Houston scored an overall 73 out of 100, and its scores across metrics in the report include:

  • Workforce and talent: 68/100
  • Openness: 80/100
  • Business environment: 64/100
  • Foreign business needs: 100/100
  • Quality of life: 47/100
  • Investment trends: 73/100
  • Aftercare: 69/100
Last year's top city was Miami, which ranks at No. 6 this year. Most of the top 10 cities in this year's report represent major gains on the ranking.This report falls in line with others in terms of noticing a change within the green economy in Houston. Earlier this year, personal finance website SmartAsset ranked the Houston metro area as the fifth best place in the U.S. for green jobs, which pay an average of 21 percent more than other jobs. The SmartAsset study found that 2.23 percent of workers in the Houston area hold down jobs classified as “green.”

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This article originally ran on EnergyCapital.

3+ Houston innovators to know this week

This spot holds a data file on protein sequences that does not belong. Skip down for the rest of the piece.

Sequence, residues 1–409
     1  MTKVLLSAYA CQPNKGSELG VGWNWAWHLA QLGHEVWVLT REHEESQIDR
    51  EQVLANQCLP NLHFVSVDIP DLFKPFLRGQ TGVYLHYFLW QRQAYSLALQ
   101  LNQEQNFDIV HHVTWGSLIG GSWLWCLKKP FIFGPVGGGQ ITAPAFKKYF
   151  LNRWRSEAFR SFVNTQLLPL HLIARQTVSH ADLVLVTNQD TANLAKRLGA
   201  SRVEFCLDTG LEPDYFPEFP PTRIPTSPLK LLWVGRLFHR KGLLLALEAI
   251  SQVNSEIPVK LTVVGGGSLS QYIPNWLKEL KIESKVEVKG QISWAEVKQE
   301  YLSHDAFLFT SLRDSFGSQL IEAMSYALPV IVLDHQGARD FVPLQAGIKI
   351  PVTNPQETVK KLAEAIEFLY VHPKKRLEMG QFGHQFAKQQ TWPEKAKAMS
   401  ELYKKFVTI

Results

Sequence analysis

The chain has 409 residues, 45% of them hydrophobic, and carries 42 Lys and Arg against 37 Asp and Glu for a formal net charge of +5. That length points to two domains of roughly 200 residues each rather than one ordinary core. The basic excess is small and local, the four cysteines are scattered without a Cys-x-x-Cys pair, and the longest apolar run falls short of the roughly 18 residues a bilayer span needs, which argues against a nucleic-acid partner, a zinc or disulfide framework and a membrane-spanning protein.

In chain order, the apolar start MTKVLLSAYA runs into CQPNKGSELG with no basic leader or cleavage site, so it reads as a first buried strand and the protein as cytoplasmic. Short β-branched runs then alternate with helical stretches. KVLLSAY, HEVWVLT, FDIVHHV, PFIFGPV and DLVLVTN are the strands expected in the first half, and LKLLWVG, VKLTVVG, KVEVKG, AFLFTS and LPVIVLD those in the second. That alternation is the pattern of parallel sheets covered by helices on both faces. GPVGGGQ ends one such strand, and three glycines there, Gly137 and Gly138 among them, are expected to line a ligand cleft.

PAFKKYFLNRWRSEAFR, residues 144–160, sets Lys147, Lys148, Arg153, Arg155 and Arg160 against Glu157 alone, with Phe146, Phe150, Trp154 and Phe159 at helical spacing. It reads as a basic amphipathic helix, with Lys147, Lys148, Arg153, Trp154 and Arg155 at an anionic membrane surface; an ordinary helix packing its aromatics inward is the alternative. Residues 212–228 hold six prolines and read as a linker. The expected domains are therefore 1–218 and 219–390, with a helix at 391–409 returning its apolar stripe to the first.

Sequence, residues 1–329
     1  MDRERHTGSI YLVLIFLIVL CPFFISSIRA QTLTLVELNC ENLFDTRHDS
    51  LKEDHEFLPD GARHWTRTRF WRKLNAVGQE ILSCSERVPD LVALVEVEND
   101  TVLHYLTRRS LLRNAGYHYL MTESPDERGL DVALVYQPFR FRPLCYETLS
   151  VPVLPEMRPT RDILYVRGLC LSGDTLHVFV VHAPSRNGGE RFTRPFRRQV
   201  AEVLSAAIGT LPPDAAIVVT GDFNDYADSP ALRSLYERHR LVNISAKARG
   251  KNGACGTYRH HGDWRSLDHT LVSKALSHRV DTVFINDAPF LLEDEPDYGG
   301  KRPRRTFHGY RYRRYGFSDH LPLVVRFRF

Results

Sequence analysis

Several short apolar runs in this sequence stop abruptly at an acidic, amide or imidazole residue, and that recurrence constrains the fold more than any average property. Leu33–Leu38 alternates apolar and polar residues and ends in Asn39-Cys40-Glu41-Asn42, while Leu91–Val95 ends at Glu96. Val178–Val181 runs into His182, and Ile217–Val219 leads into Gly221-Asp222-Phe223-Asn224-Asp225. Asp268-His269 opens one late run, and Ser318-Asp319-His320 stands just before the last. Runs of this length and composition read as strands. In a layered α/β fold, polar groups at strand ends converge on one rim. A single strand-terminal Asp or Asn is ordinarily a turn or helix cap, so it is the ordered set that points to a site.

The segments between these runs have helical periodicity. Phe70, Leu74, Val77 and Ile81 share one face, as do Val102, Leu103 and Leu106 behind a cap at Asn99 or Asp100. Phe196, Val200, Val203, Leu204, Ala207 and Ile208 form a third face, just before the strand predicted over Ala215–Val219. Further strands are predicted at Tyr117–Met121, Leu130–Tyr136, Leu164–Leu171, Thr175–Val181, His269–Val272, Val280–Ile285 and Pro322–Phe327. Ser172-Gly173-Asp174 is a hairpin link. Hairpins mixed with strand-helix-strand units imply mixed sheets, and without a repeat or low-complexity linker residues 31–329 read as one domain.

who's who

Editor's note: In this week's roundup of Houston innovators to know, I'm introducing you to three local innovators across industries — from hardtech to digital solutions — recently making headlines in Houston innovation.

Wogbe Ofori, founder and chief strategist of WRX Companies

Wogbe Ofori, founder and chief strategist of WRX Companies, joins the Houston Innovators Podcast to discuss hardtech and Houston as an innovative city. Photo via LinkedIn

To Wogbe Ofori, the definition of entrepreneurship is simple: "To be more opportunity centric than risk averse." And Houston, as he says, has be entrepreneurial for a very long time — despite it being considered the specialty of a certain coastal region.

"Silicon Valley has hijacked the concept of innovation and entrepreneurship, and this city has been filled with entrepreneurs long before the concept of 'tech entrepreneurs,'" Ofori says on this week's episode of the Houston Innovators Podcast.

Ofori, the founder and chief strategist of WRX Companies, has developed a keen eye for entrepreneurship and innovation activity in Houston and shares his observations on the show. An adviser to Nauticus Robotics and strategist to Intuitive Machines and Jacobs, he's also served as a mentor across the local innovation community. Read more or listen below.

Amy Chronis, vice chair, US Energy and Chemicals Leader and Houston managing partner at Deloitte